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Is this a bug, doc error, or misunderstanding?

From the zshexpn man page under 'Parameter Expansion Flags' section:

   n      Sort decimal integers numerically; if the first  differing  charac-
          ters  of  two  test  strings  are  not  digits, sorting is lexical.
          Integers with more initial zeroes  are  sorted  before  those  with
          fewer  or none.  Hence the array ‘foo1 foo02 foo2 foo3 foo20 foo23’
          is sorted into the order shown.  May be combined with ‘i’ or ‘O’.

So that tells me that as two elements are being compared, and the sort hits the
first occurrence of two differing characters, AND those characters are not
digits, sort the entries lexiographically.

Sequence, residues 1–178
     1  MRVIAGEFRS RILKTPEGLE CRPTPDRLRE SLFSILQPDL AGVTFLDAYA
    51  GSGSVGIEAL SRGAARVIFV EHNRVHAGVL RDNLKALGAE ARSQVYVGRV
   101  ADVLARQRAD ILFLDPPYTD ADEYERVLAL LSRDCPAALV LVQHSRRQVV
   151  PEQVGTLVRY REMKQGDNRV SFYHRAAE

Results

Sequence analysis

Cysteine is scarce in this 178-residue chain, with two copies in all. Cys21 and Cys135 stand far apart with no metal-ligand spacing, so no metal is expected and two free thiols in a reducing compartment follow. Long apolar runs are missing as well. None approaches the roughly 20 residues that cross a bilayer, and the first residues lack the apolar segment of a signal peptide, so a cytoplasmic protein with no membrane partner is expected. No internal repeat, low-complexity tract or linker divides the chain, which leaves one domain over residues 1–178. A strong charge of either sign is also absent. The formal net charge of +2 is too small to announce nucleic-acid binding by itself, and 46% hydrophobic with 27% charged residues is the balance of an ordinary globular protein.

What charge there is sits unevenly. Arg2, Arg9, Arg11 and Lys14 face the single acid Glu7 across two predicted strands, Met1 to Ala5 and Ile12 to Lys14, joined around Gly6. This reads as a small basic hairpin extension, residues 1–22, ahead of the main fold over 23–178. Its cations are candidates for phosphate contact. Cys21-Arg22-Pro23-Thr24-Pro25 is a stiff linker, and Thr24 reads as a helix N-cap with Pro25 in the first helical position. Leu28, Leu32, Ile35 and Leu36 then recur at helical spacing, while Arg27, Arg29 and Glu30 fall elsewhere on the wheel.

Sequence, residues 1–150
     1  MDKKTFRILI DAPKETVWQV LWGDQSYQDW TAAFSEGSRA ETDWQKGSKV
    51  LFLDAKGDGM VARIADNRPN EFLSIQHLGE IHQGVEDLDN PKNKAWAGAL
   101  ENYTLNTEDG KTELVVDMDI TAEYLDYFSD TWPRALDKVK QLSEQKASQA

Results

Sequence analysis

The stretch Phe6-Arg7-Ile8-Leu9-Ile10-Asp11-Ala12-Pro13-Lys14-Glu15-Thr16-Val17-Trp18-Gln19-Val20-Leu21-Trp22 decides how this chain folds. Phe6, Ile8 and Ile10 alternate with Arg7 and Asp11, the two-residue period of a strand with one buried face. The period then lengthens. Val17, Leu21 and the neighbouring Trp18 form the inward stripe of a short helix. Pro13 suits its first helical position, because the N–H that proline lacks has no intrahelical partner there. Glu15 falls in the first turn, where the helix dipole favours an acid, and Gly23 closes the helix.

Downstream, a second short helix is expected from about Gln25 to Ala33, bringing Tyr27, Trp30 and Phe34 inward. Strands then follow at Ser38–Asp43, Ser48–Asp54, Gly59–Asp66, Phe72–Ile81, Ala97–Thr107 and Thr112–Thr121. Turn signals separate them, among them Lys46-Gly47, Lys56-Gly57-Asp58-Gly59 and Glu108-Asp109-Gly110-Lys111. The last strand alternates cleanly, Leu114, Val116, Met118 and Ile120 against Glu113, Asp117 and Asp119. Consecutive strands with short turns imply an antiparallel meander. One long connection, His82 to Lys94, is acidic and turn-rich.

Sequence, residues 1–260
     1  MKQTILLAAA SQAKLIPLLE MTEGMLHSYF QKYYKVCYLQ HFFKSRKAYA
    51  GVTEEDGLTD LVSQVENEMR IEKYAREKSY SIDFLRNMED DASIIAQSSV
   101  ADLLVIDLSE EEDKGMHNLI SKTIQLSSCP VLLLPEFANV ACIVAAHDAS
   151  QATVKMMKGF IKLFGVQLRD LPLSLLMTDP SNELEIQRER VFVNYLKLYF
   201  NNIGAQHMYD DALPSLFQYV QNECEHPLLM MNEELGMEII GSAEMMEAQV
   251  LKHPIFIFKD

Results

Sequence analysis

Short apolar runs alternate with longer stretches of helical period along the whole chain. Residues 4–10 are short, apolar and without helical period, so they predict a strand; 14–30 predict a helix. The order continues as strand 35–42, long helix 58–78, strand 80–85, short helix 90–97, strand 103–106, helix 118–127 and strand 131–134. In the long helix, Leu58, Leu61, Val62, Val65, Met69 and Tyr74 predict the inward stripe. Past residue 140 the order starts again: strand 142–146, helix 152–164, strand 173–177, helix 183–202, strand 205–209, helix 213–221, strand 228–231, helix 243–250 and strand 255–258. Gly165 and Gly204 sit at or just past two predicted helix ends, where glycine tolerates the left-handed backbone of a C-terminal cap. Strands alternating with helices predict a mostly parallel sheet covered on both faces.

$ VAR=(ZHOST40 HOST+ host04 host4 host36)

I would expect this, using the (n) expansion flag, to sort to:
HOST+ ZHOST40 host04 host4 host36

This is because when comparing 'ZHOST40' and 'host04', 'Z' comes before 'h'
lexiographically. However, this is not what we get...

$ echo ${(n)VAR}
HOST+ host04 host4 host36 ZHOST40

It appears as if the (n) flag in this case applied an implicit case-insensitive
flag (i), which is not what I wanted.

Is this a bug in the (n) expansion flag, an erroneous explanation in the man page,
or just something fundamental thing I'm not getting?


P.S. Zsh version 4.3.10

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